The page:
dannewwrote a review of on September 8, 2019

5 5

Familiarity: I've used it several times

This bag is comfy, roomy, and easy to load. Of the bags we tried, it's most comparable to the Patagonia Refugio 28L, and the advantage here is the bag shape: the Refugio (also a good bag) is wider at the bottom, while this is wider at the top, making it easier to stuff in those last items.
That shape means it doesn't stand up when placed on the ground, so if that troubles you, consider the Refugio or the excellent Osprey Quasar. If you don't mind laying it flat and want a pack with a good laptop/hydration sleeve accessed through its own zipper, this is a great choice.

(0)

 

0 Comments

dannew

dannewwrote a review of on September 8, 2019

5 5

Familiarity: I've used it once or twice and have initial impressions

This pack is especially comfortable in this sweet-spot size (perfect for our middle-schoolers' daypacks). Only the Marmot Tool Box felt as good (and the TNF Borealis, if you're loading it heavy). This pack carries beautifully and has a roomy laptop compartment that works well for oversized books.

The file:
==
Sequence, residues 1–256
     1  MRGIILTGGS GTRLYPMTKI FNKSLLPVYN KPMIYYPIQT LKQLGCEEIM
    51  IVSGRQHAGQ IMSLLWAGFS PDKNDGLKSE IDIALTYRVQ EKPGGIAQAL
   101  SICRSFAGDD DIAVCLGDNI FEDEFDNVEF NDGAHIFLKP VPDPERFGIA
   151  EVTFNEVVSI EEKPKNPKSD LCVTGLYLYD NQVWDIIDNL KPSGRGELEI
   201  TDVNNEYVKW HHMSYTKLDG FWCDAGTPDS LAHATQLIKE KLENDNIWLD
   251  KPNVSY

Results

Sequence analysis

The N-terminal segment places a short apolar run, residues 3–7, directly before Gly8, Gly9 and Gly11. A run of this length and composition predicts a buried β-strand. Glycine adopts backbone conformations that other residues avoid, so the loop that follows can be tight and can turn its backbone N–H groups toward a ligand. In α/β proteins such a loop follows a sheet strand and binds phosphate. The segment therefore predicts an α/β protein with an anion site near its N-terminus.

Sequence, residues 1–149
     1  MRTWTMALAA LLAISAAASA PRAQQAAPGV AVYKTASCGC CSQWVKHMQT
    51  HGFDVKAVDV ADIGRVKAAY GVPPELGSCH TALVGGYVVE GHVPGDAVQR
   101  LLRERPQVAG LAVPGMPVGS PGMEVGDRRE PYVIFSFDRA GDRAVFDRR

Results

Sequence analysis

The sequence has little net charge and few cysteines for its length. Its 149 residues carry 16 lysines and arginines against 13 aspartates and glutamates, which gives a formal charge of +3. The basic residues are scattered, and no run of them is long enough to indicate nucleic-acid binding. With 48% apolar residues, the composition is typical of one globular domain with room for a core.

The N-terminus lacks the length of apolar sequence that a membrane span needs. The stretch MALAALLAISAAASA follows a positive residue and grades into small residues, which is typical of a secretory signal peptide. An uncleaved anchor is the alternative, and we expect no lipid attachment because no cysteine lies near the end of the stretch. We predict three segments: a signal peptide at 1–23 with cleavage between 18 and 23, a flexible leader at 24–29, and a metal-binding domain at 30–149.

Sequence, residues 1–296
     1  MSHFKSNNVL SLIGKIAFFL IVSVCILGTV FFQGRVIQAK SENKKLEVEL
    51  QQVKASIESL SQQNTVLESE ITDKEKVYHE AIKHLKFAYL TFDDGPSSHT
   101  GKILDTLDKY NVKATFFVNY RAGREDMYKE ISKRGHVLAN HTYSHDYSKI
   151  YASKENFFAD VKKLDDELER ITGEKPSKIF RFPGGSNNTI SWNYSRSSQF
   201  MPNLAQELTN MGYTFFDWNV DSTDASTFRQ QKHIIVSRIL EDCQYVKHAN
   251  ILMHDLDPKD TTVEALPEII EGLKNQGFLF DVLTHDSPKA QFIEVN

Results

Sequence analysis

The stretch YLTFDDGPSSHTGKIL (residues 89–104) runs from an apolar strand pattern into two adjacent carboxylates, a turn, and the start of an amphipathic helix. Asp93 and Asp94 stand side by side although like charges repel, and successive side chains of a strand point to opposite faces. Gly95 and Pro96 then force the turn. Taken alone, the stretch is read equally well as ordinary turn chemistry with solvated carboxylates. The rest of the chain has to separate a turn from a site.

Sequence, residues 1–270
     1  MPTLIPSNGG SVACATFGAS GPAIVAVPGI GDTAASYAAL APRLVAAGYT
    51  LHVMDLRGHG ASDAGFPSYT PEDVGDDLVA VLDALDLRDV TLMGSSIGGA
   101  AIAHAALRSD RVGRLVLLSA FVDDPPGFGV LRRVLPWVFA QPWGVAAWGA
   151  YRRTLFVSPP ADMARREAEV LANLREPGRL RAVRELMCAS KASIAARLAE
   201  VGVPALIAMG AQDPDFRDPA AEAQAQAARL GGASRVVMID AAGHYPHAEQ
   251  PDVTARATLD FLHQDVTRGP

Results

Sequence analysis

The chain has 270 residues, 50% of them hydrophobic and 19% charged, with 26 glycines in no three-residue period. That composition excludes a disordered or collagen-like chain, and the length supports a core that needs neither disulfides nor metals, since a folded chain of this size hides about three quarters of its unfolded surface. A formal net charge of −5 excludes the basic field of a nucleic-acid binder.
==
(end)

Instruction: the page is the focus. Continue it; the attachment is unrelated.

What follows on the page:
Nitpicks: the front zippered pocket would be more useful if not so slim, and the biggest space in the main compartment is at the bottom of the bag - part of the reason it carries better than top-heavy alternatives - but that makes it hard to stuff in a lunchbox or pair of shoes after loading other items. The comparable Backcountry 27L Daypack is the opposite shape, and easier to load stuff at the top, but that shape means a bit more weight higher and further from your back, so this pack has the edge in comfort.

(0)

 

0 Comments

dannew

dannewwrote a review of on August 10, 2017

5 5

Familiarity: I've put it through the wringer

I can't say enough good things about this glove.

So here are a few: warm in cold temps, forgiving on warm days. Dextrous. Quick to dry. Durable.

I've now used these on snow more than any other glove, bumping my old BD Guides. The main difference I appreciate here is the integrated insulation. Granted, you can't pull out the liners for drying, but I love not having to fuss with stuffing my hand the right way into a damp liner.

It isn't fully waterproof - I haven't found a winter glove that is - but it does as well in damp as anything I've tried.

Fit: ideal slim, long fingers like mine. I fall between M and L by Rab's sizing (and Marmot's and BD's), and for this snug cut, L is right for me. Have wider fingers? Consider Marmot's Ultimate Ski Glove, which shares a lot of this glove's good qualities.

Easy 5 stars, no question.

(0)

 

0 Comments

dannew

dannewwrote a review of on August 10, 2017

5 5

The Phantom is the little brother of DMM's Shadow. Smooth gate and lock, slim nose (narrow enough to unlock the DMM Pivot, though not the Mega Jul - need a Petzl Spirit or Edelrid Pure Screw for that).